„In the flesh” is a British zombie series about members of a community who died during „The rising” (their version of a zombie apocalypse) and are now reanimated and return to their home town. It would be interesting to see the British take on a subject like this. I wasn’t familiar with composer Edmund Butt before hearing this score.
The first couple of cues from “In the flesh” make me think the composer took a straightforward pulsating electronic approach to this score. Zombies are simple minded and move at the same pace so this choice makes sense. Naturally it’s not all about these creatures and their hunger so welcome romantic flute and violin tune that makes me forget all about the apocalypse! “Back to Roarton” sounds like the return to an idyllic country landscape with beautiful meadows and ice cold brooks. The romance continues with “The rotters” and I see what Edmund Butt did here… Since the reanimated zombies are coming back to their home town they are not just brainless strangers out to kill you… People recognize them, people who cared for them hence this melancholic cue.
“In the flesh” is all about emptiness and loneliness. The music sounds personal and intimate, with quiet piano strokes and strings. Everything moves at that slow pace and it sounds as if each cue is taking its time to look at the surroundings and try to recognize past points of interest. Edmund Butt’s composition evokes a desolate landscape and there’s a constant hum or buzzing in the music. When it gets livelier, the score pulsates like a beating heart inside the fist of one of those zombies. “Wolf” sounds like a different creature and this is where the score changes pace. When it gets innocent, the composition stops into a beautiful clearing like “The Goddess Ishtar”.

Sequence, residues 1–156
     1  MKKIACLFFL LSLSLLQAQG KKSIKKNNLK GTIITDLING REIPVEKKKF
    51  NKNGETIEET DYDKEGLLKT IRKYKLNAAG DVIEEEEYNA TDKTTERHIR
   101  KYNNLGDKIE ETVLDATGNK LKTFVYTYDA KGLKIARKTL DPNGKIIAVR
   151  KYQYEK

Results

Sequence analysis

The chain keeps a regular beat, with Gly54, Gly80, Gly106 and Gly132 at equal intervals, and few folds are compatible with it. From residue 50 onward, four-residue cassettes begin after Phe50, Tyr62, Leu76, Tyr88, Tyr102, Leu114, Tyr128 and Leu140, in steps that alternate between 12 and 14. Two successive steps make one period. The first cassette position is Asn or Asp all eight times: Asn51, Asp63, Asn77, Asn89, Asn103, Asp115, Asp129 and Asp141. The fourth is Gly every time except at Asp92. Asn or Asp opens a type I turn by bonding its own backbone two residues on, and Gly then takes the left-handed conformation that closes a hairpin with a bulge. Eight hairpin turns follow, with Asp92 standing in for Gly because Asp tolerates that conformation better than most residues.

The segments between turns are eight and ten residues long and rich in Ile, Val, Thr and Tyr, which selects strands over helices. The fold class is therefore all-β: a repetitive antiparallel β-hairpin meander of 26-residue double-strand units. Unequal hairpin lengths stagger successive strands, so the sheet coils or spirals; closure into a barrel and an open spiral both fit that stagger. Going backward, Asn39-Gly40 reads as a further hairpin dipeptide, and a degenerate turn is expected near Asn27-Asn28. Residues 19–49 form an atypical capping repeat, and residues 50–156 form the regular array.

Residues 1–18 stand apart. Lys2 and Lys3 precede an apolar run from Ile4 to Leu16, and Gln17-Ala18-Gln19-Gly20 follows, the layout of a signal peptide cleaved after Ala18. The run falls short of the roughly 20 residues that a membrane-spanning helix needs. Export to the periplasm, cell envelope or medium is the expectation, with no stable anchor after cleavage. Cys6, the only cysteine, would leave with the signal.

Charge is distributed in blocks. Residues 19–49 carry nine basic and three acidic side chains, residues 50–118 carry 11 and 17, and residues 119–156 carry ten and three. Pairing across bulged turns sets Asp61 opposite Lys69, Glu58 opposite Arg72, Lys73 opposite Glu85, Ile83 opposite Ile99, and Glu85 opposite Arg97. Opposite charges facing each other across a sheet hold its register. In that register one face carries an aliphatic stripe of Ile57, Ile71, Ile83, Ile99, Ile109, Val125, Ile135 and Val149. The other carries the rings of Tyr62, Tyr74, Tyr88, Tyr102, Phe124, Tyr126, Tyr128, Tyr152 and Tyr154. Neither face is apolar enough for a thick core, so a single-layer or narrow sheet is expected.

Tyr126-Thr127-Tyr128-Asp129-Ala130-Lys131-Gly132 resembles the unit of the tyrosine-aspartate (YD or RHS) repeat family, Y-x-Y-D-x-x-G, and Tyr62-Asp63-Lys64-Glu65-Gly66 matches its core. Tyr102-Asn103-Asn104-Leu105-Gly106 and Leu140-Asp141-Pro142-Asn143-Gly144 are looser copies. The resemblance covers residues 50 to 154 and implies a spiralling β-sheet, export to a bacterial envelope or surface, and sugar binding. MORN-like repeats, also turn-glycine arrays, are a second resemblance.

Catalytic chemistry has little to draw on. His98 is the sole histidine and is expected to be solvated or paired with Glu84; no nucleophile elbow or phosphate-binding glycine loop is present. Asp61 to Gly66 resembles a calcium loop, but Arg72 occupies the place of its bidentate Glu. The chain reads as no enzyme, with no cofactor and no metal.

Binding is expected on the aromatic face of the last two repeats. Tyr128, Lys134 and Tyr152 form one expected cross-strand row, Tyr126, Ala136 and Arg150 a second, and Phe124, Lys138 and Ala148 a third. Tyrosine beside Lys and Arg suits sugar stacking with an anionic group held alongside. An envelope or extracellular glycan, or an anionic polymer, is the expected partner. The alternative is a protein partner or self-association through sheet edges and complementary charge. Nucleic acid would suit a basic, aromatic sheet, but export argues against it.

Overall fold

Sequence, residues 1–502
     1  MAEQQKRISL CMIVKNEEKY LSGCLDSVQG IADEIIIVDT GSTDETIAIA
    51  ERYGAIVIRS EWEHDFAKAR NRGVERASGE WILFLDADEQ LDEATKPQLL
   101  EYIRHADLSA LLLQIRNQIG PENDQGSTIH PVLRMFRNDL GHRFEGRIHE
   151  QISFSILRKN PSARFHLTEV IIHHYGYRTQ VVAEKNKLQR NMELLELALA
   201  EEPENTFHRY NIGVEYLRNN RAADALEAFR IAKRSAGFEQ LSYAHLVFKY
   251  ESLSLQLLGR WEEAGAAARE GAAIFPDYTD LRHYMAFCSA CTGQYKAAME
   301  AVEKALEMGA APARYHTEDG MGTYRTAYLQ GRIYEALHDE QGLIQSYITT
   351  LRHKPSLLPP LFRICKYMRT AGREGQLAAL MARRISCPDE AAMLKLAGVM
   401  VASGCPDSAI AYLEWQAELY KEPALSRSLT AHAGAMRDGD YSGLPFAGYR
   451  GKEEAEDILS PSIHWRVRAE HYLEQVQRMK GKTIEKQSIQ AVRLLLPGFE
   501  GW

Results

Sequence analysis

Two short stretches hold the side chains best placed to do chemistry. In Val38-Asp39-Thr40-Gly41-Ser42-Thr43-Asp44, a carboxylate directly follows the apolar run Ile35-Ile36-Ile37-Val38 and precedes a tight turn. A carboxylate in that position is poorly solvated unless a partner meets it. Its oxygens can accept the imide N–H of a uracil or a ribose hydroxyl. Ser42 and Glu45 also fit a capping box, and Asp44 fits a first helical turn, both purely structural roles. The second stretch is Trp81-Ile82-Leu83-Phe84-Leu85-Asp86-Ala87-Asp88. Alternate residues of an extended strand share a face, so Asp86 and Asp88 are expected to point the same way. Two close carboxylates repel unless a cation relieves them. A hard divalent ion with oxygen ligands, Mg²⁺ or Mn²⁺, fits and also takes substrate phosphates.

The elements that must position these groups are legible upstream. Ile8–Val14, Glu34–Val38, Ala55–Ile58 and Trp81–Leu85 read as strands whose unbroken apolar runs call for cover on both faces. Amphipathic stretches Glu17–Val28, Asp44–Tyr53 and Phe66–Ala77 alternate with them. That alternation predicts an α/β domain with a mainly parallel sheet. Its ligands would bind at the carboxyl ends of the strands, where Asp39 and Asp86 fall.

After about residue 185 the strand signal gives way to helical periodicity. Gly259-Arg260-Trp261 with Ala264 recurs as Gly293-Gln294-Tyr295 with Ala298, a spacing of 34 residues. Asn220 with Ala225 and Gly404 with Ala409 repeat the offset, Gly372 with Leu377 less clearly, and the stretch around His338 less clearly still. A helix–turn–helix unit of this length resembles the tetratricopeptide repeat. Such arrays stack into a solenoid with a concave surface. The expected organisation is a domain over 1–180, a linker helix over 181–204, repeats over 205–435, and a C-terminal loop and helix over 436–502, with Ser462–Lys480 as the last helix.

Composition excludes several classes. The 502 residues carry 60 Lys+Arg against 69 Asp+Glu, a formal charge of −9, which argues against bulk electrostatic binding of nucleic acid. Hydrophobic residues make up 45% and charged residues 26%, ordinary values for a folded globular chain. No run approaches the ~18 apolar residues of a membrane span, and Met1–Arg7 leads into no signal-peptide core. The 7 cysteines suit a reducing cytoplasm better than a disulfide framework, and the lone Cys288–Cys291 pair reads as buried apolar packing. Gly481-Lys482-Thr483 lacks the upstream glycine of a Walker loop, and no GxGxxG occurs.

I love a score that surprises me, and “In the flesh” does just that. After those random electronic pulses comes a beautiful romantic gem like “Kieren comes home”. I close my eyes and imagine caring for that character; what a heart break I must feel seeing her return in that form, broken, changed… with just the flesh left… This is the kind of cue to listen to on the way to the beach when you’re feeling melancholic and in love.
I think of “In the flesh” as a fantasy. The music makes me do that with its subtle inflexions and alluring echoes. “The second coming” is so beautiful and romantic that I almost feel I’m listening to Max Richter’s amazing “The leftovers” score. This cue is too beautiful for a zombie apocalypse. It sparkles and it soothes and I will listen to it again for sure. It sits in a very stark contrast with a track like “PDS” which is electronic noise meant to cause discomfort. But moments like these are scarce and needed to fit the story.
“It the flesh” ends up as a very interesting score. I discovered way more than I thought I would between its first and last pages. The journey of listening to it was rewarding and romantic. I am left with a peaceful feeling inside and, I must admit, a bit intrigued about the show the score was written for. It must focus on different elements than “The walking dead” for example and it might be worth a watch. Edmund’s Butt composition is definitely worth a listen. You will surely find something to care for “In the flesh”…
Cue rating: 86 / 100
Total minutes of excellence: 18 / 46
Album excellence: 38%
09_the Goddess Ishtar
10_kieren Comes Home
12_the Second Coming
15_my Beautiful Mother